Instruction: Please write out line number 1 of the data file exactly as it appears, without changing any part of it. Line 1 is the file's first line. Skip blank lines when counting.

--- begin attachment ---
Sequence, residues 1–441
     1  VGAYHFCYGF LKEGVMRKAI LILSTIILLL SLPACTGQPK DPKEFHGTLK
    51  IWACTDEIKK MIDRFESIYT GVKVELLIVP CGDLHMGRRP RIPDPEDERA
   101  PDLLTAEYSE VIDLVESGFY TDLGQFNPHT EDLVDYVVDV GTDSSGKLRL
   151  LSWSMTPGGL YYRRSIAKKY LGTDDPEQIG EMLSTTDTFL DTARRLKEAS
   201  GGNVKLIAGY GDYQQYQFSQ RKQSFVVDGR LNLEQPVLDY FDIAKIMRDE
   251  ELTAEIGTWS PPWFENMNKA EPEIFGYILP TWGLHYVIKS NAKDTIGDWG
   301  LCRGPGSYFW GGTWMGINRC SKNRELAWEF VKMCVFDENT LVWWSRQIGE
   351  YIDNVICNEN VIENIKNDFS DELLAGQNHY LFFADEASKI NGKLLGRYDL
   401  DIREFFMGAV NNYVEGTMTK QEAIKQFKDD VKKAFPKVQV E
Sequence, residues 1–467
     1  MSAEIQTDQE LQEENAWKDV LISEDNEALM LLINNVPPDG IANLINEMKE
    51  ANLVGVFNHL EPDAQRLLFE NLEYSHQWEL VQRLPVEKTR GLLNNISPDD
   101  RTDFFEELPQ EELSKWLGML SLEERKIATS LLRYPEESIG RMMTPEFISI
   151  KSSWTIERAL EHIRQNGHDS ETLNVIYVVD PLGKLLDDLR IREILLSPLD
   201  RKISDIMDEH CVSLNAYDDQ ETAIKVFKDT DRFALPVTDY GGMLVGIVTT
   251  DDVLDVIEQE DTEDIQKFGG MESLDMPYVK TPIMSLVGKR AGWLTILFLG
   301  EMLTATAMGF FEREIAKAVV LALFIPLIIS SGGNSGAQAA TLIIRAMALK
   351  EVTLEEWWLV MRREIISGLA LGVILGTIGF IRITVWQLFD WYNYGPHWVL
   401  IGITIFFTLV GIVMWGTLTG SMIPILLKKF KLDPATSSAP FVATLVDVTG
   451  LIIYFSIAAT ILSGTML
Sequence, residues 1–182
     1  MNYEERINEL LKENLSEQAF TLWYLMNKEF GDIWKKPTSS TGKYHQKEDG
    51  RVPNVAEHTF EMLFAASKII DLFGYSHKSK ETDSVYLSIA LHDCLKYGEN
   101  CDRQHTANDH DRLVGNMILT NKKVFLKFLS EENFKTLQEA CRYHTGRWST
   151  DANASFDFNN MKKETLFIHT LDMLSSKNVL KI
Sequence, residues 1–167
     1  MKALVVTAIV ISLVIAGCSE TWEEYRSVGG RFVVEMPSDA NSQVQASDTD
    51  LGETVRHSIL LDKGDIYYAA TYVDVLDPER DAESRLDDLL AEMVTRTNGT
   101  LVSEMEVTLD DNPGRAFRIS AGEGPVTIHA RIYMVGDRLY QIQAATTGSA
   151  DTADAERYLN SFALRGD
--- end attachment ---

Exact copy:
Sequence, residues 1–441